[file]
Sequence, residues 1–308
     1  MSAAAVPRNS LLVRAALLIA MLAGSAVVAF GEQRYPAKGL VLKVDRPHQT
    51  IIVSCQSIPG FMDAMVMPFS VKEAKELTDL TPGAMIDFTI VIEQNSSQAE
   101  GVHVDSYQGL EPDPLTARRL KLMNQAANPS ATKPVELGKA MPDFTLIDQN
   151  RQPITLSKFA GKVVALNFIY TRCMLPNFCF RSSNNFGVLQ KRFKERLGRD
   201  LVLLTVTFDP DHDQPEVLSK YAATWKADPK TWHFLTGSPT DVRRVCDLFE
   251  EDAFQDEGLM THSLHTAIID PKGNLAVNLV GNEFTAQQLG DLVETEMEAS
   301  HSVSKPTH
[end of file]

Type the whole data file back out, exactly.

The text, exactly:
Sequence, residues 1–308
     1  MSAAAVPRNS LLVRAALLIA MLAGSAVVAF GEQRYPAKGL VLKVDRPHQT
    51  IIVSCQSIPG FMDAMVMPFS VKEAKELTDL TPGAMIDFTI VIEQNSSQAE
   101  GVHVDSYQGL EPDPLTARRL KLMNQAANPS ATKPVELGKA MPDFTLIDQN
   151  RQPITLSKFA GKVVALNFIY TRCMLPNFCF RSSNNFGVLQ KRFKERLGRD
   201  LVLLTVTFDP DHDQPEVLSK YAATWKADPK TWHFLTGSPT DVRRVCDLFE
   251  EDAFQDEGLM THSLHTAIID PKGNLAVNLV GNEFTAQQLG DLVETEMEAS
   301  HSVSKPTH